Primary progressive aphasia (PPA) is a rare type of dementia. It is caused by damage to parts of the brain that control our language, personality, emotions and behaviour.
What is primary progressive aphasia?
In most cases, PPA is caused by frontotemporal dementia. Most people who develop PPA will be in their 50s and 60s.
There are three separate types of PPA:
- Semantic dementia
- Progressive non-fluent aphasia
- Logopenic aphasia
If you would like to find out more about primary progressive aphasia including what is happening in the brain of someone with PPA you can read our blog.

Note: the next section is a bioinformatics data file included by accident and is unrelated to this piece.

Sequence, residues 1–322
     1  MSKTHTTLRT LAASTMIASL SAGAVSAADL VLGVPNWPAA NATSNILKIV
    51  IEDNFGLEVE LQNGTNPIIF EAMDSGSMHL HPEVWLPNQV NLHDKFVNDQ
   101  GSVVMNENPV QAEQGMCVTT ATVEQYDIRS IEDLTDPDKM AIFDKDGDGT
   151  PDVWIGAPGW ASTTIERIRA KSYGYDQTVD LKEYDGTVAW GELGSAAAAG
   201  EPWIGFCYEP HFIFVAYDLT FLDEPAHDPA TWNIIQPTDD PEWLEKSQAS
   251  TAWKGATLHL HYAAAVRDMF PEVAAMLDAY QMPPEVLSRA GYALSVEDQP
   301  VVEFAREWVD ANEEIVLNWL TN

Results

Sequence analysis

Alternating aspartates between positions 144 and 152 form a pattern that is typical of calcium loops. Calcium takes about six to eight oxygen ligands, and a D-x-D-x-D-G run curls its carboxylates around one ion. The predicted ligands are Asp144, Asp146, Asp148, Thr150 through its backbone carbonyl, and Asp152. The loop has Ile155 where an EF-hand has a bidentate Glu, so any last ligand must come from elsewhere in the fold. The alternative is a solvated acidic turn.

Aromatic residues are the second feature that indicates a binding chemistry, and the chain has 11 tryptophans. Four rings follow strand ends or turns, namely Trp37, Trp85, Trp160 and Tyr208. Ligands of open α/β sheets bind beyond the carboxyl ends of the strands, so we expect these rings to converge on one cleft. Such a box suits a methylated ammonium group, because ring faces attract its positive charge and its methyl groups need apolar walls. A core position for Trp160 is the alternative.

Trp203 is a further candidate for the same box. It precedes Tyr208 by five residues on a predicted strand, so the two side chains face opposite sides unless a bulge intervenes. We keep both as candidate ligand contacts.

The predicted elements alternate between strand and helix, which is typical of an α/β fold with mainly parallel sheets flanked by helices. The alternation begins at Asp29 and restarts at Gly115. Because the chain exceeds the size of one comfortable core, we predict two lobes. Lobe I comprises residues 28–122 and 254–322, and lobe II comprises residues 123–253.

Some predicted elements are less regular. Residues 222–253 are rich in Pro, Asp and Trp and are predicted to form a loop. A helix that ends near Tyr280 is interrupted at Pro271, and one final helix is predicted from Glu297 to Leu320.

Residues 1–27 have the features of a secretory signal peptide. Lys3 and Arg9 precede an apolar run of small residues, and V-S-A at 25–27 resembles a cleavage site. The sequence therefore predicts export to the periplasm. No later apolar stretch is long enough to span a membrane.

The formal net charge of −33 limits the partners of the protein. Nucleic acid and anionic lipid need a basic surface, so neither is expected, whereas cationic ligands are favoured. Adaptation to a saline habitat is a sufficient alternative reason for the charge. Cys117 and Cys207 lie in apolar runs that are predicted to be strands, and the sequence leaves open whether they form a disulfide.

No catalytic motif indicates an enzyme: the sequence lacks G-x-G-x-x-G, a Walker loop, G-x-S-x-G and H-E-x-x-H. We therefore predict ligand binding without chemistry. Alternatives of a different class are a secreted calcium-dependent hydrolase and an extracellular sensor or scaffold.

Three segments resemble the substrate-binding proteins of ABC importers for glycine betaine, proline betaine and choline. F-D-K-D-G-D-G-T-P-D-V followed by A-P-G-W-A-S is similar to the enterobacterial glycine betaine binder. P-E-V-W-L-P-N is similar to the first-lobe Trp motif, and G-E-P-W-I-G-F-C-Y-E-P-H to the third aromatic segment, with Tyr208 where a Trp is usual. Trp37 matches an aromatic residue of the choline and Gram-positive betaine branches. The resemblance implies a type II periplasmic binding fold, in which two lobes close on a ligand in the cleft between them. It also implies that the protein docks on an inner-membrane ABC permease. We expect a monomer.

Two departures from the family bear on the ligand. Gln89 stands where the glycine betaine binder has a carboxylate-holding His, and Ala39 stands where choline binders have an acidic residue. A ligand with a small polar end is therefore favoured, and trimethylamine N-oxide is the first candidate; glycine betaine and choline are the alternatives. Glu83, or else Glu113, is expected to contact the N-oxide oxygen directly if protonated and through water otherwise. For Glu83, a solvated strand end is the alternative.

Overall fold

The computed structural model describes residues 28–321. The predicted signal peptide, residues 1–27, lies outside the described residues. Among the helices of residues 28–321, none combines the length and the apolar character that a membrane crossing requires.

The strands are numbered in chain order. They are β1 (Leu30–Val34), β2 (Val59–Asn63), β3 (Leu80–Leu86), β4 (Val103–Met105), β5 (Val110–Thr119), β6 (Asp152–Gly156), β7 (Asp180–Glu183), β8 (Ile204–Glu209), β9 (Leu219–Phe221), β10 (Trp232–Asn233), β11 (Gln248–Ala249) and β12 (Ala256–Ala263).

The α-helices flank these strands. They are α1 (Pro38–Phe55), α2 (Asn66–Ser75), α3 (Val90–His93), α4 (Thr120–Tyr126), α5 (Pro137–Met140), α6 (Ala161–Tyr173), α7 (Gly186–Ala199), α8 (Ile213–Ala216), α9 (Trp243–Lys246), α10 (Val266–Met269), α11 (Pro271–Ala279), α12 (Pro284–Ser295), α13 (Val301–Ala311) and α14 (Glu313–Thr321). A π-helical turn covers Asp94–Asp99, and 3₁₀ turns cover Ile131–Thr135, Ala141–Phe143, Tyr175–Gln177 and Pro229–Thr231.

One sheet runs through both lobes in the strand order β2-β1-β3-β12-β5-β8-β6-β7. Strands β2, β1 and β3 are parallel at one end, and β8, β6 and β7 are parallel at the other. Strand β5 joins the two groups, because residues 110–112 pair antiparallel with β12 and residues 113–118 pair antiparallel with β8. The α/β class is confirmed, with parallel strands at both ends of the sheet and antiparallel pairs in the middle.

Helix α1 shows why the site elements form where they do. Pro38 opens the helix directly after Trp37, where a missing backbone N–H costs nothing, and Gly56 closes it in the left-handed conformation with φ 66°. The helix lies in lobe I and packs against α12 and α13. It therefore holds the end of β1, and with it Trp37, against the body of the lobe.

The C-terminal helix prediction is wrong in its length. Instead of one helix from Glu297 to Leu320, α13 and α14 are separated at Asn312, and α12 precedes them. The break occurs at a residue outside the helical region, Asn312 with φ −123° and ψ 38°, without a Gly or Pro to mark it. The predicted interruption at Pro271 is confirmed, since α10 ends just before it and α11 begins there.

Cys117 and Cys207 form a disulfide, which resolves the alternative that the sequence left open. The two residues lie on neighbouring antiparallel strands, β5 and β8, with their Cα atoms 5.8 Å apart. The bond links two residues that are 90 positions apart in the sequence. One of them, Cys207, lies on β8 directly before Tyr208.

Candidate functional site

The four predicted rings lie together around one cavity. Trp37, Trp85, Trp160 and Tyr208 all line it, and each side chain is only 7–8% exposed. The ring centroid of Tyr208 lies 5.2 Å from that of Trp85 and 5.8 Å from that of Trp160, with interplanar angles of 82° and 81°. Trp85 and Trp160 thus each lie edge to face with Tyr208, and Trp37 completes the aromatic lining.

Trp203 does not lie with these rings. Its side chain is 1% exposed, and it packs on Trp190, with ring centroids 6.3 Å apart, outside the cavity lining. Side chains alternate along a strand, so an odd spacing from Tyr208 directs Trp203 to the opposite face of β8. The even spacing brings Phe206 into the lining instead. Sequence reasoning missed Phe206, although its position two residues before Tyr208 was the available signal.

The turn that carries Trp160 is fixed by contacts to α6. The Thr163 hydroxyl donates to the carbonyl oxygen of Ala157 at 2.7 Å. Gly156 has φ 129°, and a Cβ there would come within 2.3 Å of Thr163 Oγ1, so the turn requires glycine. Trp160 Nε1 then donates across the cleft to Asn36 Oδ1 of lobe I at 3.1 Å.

What is Primary progressive aphasia?
Information in this booklet is for anyone who wants to know more about primary progressive aphasia (PPA). This includes people living with PPA, their carers, families and friends.
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Alzheimer’s Research UK has a wide range of information about dementia. Order booklets or download them from our online form.
This information was updated in April 2023 and is due to be reviewed in April 2025. It was written by Alzheimer’s Research UK’s Information Services team in association with Rare Dementia Support, with input from expert and lay reviewers. Please get in touch using the contact details below if you’d like a version with references or in a different format.
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